Study: Aggressive Beats Conservative Care for Best Outcomes
Shorter claim durations, lower indemnity costs, and less litigation may result from early, aggressive care of injured workers. Those are the results of a pilot study on clinical practice guidelines, according to Harbor Health Systems.
While proponents say guidelines allow for a reduction in health care variation and lead to enhanced value and improved patient care, critics say they may impede innovation and promote “cookbook” medicine. The study compared claims that received aggressive care where the date of surgery was prior to the recommendations of clinical practice guidelines with conservative care where the date of surgery was beyond the guideline recommendations.
“The findings show that when knowledgeable and experienced physicians were allowed to perform some common specific surgical procedures prior to the recommendations of the guidelines, the outcomes improved,” according to the newly released white paper. “These results demonstrate the importance of integrating best-in-class physicians with the use of evidence-based guidelines, and validate the importance of outcomes-based networks by supporting the concept of working with experienced, proven providers and accelerating care when there is a trusted diagnosis.”
The study included data from more than 700,000 claims with a date of injury between January 2010 and June 30, 2012, from one of four common procedures: ACL repair, knee menisectomy, shoulder rotator cuff repair, and carpal tunnel injuries. The researchers used the Official Disability Guidelines from the Work Loss Data Institute as a reference point to separate the claims into aggressive or conservative care.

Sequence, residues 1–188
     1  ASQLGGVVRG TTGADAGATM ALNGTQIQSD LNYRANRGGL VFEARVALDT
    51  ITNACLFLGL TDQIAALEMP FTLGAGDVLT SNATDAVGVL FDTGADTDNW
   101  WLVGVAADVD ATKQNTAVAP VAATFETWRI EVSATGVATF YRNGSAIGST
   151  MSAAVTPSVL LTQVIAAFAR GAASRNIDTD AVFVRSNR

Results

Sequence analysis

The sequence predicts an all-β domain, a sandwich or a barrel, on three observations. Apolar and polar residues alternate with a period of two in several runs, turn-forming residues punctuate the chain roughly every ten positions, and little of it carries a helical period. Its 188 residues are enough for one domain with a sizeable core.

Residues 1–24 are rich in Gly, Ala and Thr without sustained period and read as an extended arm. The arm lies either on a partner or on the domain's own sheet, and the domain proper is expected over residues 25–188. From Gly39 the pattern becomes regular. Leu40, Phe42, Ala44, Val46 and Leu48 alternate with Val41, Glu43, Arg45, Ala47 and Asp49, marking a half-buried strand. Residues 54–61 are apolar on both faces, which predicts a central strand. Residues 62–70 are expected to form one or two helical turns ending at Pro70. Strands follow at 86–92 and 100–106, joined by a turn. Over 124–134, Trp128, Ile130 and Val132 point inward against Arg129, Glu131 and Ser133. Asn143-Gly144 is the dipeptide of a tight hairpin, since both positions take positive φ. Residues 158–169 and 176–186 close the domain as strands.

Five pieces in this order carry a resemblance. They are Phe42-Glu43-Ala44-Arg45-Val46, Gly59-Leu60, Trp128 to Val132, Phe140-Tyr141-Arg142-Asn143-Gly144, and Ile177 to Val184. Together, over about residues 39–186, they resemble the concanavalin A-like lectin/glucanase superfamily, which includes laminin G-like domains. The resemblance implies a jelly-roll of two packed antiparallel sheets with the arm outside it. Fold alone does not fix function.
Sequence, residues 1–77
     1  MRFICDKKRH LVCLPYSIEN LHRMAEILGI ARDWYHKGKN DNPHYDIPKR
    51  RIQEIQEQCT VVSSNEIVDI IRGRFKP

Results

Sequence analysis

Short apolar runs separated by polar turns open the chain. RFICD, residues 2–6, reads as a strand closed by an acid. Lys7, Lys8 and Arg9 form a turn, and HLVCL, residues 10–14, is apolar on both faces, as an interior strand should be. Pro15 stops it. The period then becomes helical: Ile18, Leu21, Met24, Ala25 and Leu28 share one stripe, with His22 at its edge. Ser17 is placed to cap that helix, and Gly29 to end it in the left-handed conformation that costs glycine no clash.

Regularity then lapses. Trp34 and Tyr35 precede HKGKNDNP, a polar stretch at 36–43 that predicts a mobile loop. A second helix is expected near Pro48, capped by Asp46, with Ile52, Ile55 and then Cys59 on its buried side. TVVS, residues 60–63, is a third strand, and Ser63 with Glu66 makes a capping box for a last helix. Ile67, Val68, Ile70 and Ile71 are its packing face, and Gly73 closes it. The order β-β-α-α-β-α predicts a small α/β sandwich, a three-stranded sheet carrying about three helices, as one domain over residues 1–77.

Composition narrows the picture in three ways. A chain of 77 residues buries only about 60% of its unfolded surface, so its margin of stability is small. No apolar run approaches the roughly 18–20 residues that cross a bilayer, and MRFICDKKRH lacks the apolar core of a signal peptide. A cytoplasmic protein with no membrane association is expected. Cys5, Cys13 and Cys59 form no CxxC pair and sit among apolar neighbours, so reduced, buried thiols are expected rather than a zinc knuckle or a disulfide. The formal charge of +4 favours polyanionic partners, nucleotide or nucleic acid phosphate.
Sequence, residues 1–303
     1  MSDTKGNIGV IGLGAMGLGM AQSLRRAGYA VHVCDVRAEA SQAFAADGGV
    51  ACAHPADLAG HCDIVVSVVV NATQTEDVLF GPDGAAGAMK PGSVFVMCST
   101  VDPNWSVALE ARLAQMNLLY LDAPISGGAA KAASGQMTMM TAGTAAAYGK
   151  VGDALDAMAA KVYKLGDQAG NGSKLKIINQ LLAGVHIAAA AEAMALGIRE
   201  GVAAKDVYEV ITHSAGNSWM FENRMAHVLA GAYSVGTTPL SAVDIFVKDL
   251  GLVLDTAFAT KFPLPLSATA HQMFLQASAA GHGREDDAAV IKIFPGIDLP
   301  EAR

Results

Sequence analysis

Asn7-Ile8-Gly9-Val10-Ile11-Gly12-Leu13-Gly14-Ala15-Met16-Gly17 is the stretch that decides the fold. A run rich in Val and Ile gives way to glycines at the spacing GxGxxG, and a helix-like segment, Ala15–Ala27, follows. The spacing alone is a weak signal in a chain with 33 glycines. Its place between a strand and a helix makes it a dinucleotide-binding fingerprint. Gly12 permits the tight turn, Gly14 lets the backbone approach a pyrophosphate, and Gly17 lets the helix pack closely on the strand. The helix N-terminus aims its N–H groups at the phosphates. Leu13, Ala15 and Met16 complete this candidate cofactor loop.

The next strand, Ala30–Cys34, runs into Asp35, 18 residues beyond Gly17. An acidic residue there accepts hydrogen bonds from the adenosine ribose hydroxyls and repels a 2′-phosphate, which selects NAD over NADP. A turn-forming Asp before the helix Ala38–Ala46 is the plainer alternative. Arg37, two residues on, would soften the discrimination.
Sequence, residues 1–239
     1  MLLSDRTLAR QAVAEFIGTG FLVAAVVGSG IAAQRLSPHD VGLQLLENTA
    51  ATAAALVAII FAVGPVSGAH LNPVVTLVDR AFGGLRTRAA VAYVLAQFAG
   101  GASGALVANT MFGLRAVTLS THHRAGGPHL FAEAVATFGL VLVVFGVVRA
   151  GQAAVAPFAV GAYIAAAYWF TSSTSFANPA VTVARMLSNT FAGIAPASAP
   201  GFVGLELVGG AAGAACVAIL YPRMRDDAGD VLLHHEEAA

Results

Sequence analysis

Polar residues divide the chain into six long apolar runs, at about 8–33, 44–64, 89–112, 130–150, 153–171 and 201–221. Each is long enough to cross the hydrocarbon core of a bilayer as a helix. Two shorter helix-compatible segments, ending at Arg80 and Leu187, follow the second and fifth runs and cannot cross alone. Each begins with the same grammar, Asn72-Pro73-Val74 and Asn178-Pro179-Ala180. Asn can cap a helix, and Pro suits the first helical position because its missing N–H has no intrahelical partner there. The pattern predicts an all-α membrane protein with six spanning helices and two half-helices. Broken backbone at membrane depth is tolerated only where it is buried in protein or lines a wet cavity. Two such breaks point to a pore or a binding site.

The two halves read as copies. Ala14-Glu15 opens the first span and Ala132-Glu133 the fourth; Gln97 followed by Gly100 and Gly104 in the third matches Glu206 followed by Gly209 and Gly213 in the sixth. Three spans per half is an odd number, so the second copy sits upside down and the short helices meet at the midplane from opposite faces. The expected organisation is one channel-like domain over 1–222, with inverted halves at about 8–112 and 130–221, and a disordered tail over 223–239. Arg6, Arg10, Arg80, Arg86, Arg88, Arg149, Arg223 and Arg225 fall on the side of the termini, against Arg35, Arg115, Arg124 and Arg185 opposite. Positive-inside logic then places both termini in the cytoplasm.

“Within the workers’ compensation industry in the United States, the Official Disability Guidelines are commonly used to assess the appropriateness of requested medical care. These guidelines typically outline a progressive course of treatment based on the diagnosis of the patient,” the paper states. “The purpose of this study is to investigate whether allowing some common specific surgical procedures to be performed prior to the guideline recommendation would impact the outcome of the case.”
To determine the outcome of a case, the authors considered the cost of the claim, number of disability days, and claim duration. According to the authors, the more aggressive approach achieved the following results:
- Reductions in claim duration from 13-20 percent.
- Reductions in indemnity costs from 19-61 percent.
- Reductions in litigation from 7.2-16 percent.
“In all of the procedures studied, there is a statistically significant shorter time in the study group (aggressive care) versus the control group (conservative care) with regard to the interval between the date of injury and date of surgery,” according to the report. “Therefore, the premise of this paper is validated as this parameter confirmed the validity of the cohorts.”
There was also a noticeable different in the litigation rates with a “remarkably lower litigation rate in the study group compared to the control group,” the paper said. “Perhaps a perceived delay of care led to the higher litigation rate in the control group, or by virtue of the litigation and perhaps change of treating physicians, the surgery was delayed in the control group.”